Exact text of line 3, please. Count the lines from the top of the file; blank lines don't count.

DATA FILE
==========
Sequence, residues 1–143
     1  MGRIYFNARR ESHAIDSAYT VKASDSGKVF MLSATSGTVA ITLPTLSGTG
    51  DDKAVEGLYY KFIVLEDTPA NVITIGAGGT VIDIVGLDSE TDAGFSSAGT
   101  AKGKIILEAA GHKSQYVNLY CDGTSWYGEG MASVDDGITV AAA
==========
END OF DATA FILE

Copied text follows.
    51  DDKAVEGLYY KFIVLEDTPA NVITIGAGGT VIDIVGLDSE TDAGFSSAGT